Europe has had to take a long, hard look at the internal workings of its securitization industry. What has resulted is a long line of market initiatives that will help shape the future of the market and presumably avoid any catastrophic loss for future deals.
But, industry sources said that although the initiatives encourage good camaraderie among securitization players, there is a very real threat that regulators might step in.
What European ABS players want to avoid is this imposed regulation.
However, if the industry cannot come up with adequate solutions, it's likely that regulators, pressured by politicians, will have to introduce formal measures to rein in loan products that go out into the marketplace.
To be sure, over the last year, the European securitization market has been besieged by regulatory proposals looking at different areas of the market and determining what can or cannot be done for future structures. Whether or not these projects will result in a specific outcome is still unclear. Industry players said they expect to see concrete changes in deal transparency and disclosure in the coming months.
In the U.K., the Treasury Committee's report on financial stability and transparency released in the beginning of March said that many structured products were far too complex. The committee argued that banks' origination and distribution systems are characterized by loose underwriting standards. Banks, the committee said, have fewer incentives to do rigorous due diligence on products to which they are not exposed.
Asset management lobby groups are also urging the European Commission to introduce rules governing structured products to bring them closer in line with investment fund regulation. The Commission has called for evidence on the need for further regulation, and market reports said that there have been 80 responses to the EU's call. There will be an open hearing in June or July based on the responses, and a policy paper is likely to be released in October.
But securitization industry players said that the level of disclosure and transparency for structured products is nowhere near the same level as the information that exists for asset management funds.
"At the end of the day, you have to wonder whether the call for more transparency will actually make the market better," an industry sell-side source said. "Striving for a more transparent market is a worthwhile venture and can change things for the good, but many of these deals have always given a decent amount of disclosure. The problem we are experiencing at the moment is that buyers just don't want this paper."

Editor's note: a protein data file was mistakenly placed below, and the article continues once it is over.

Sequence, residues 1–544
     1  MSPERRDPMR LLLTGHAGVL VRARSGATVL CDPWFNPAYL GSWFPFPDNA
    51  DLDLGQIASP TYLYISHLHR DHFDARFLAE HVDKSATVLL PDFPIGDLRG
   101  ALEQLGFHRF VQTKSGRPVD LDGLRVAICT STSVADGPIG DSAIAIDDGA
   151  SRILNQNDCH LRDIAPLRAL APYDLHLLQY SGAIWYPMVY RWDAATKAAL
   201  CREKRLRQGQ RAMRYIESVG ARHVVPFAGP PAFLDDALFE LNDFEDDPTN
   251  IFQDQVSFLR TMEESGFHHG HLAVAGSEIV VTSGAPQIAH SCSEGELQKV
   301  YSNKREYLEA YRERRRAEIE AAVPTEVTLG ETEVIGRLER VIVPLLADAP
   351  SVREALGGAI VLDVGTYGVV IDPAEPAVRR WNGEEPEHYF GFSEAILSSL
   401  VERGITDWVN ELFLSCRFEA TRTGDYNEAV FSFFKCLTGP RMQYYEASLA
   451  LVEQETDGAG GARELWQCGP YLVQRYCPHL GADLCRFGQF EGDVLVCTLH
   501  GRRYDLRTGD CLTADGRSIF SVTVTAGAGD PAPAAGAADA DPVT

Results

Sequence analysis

Bertrand Huet, managing director and European legal and regulatory counsel at Securities Industry and Financial Markets Association (SIFMA), said that the actual policy response that will have the most impact on the ABS market is the roadmap set out by the Economic and Financial Affairs Council (ECOFIN) last year.
The industry is moving beyond what the politicians have asked for and is looking to make disclosure practices much more consistent across jurisdictions, Huet said. This quest for a better, more uniform transparency is an initiative that SIFMA and the European Securitization Forum (ESF) have long since advocated, and these associations had already taken several steps toward this goal before the credit crisis started last summer.
SIFMA, along with the ESF, the Commercial Mortgage Securities Association (CMSA), the European Banking Federation (EBF), the European Association of Co-operative Banks (EACB), the International Capital Market Association (ICMA) and the London Investment Banking Association (LIBA), is currently putting together a data report that will be issued on a quarterly basis and that will debut at the end of June. The report will look at things such as collateral types, jurisdiction ratings information, spread changes, where the paper is distributed and what type of investor is buying.
The groups have also published a three-pronged initiative aimed at improving market transparency and addressing the concerns that emerged from the ECOFIN meeting in Portugal last year following the eruption of the credit crisis. At the meeting, European finance ministers put together a roadmap that called for, among other things, measures to improve transparency in the securitization markets by the middle of 2007.
"The European Regulators and the industry have been working together for some time now on transparency issues," said Carlos Echave, a securitization partner at Mayer Brown & Platt. "The regulators are listening to the industry but they have their own views on the issue and might not follow the all the recommendations from the industry which favor self-regulation. The ESF had already made much progress toward improved transparency prior to any credit crisis and most market participants are being very helpful but the market can't have disclosure without limits."